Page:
These days, executives have plenty of reasons to seek out the sage advice of corporate counsel. But whether or not they will feel comfortable enough to actually ask for that advice is another matter.
Indeed, some experts insist that the Securities and Exchange Commission’s new rules governing attorney conduct threaten to chill the relationship between lawyers and their corporate clients, making it less likely that management will confide in corporate lawyers. The rules, which went into effect on August 5, require both in-house and outside lawyers who see evidence of “material” wrong-doing to report it up the corporate ladder.
The mere threat of corporate counsel turning in a client would likely stifle relationships with senior management, warns Stephen Glover, a partner at Gibson, Dunn, and Crutcher LLP, a Los Angeles-based law firm. “CFOs might be reluctant to go to general counsel for advice on tough decisions,” he explains. “They don’t want reports to be made to the board or outside the company.”
Attorneys are scared, too: they fear that an activity or transaction that previously appeared aboveboard could draw fire from regulators if serious improprieties arise later on. “They don’t want personal liability or exposure to SEC sanctions,” adds Glover. As a precaution, some lawyers may overreport internally, he says.
Under the approved “report up” rules, attorneys representing public firms must report evidence of accounting fraud or other material violations of securities laws or breaches of fiduciary duty to a chief legal officer or the CEO. If the officers don’t take appropriate action to address the violation, the lawyer then must inform the audit committee, another committee of independent directors, or the full board.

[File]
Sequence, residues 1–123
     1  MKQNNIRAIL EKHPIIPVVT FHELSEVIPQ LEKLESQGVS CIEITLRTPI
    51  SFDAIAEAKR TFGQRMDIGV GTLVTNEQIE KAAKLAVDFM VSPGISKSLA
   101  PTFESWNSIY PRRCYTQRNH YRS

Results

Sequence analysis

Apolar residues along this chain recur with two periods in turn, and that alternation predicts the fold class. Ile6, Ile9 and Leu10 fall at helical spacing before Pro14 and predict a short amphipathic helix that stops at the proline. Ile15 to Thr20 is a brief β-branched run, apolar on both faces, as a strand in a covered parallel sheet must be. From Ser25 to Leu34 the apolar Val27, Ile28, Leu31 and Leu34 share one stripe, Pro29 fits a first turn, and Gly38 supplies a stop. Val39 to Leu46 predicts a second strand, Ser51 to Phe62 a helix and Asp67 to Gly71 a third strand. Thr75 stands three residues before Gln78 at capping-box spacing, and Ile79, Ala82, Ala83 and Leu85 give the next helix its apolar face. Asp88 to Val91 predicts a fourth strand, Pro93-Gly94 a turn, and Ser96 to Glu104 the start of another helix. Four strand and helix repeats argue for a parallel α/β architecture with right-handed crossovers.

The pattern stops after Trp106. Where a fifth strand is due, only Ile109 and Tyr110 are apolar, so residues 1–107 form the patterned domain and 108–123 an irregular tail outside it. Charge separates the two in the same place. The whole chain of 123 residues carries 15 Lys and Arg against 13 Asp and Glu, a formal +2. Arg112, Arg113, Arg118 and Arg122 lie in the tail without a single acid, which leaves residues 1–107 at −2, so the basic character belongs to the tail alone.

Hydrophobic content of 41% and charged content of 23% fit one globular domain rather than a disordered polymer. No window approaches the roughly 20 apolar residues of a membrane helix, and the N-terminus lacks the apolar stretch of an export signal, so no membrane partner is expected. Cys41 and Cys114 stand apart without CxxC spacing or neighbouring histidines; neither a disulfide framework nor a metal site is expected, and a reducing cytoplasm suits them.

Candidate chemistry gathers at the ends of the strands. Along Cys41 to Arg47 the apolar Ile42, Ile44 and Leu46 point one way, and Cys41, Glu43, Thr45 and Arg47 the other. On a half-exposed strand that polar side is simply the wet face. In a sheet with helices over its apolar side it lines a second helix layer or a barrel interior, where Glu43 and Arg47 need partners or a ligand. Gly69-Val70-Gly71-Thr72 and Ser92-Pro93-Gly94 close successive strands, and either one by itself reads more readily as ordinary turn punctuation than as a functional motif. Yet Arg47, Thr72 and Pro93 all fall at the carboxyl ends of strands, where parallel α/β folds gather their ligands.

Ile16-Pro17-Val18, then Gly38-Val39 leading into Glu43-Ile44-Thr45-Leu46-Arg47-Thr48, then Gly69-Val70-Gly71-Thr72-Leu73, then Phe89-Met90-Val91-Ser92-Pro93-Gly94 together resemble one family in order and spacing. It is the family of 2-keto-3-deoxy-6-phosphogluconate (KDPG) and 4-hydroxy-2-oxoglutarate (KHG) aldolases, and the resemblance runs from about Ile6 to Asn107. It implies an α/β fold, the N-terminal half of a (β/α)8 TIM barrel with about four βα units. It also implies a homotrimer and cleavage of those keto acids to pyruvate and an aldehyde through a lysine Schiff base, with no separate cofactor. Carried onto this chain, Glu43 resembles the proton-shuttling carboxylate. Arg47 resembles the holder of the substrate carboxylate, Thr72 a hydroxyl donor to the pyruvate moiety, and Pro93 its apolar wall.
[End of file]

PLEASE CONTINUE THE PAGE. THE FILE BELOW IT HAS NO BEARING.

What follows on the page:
Critics, however, say the new rules leave lots of gray areas. “The wording is terribly ambiguous,” says Anthony Pacheco, an attorney with Proskauer Rose LLP. He says descriptions of circumstances that would trigger the reporting requirement are abstract. “I think it’s going to be a nightmare to sort this out,” he says.
It’s unclear, Pacheco explains, when, precisely, an attorney has to report wrongdoing within an organization, what exactly to report, and what further obligation the attorney has after informing senior management or the board of bad behavior. And, Pacheco adds, the SEC is vague about whether it’s necessary to immediately call in outside counsel when an in-house lawyer does the reporting.
While lawyers and corporate executives get used to the new rules, which were legislated by the Sarbanes-Oxley Act of 2002, the SEC is considering a second set of provisions that could have an even bigger impact on the role of corporate counsel. If approved, the so-called noisy withdrawal rule would require attorneys to file a notice with the SEC, in certain cases, that they were withdrawing from an engagement due to “professional considerations.” Bart Schwartz, general counsel of financial-services firm The MONY Group Inc., says this is basically “code for ‘wrongdoing.'” The SEC has also proposed an alternative that would require the company to file the notice.
This second set of rules, which could be passed as early as this year, is being hotly contested by companies and lawyers alike, who warn that it would trample the sacred ground of attorney-client privilege and make it harder for both sides to communicate openly.
Attorneys, who argue that confidentiality is sacrosanct, are fighting tooth and nail to keep the privilege intact, lest they effectively become agents of the government. But the debate brings up the important question of just who the client is. Proponents of the rule are quick to point out that the company itself, not its managers, is the client of corporate counsel. That view upsets a firmly held belief among CFOs and CEOs that the corporation’s lawyers are their lawyers. In a speech last year, former SEC chairman Harvey L. Pitt warned lawyers of the new responsibility. “Lawyers for public companies represent the company as a whole and its shareholder-owners,” he said, “not the managers who hire and fire them.” Indeed, the rule enforces the principle that the attorney’s first priority is to the company, not to the executives, says Schwartz.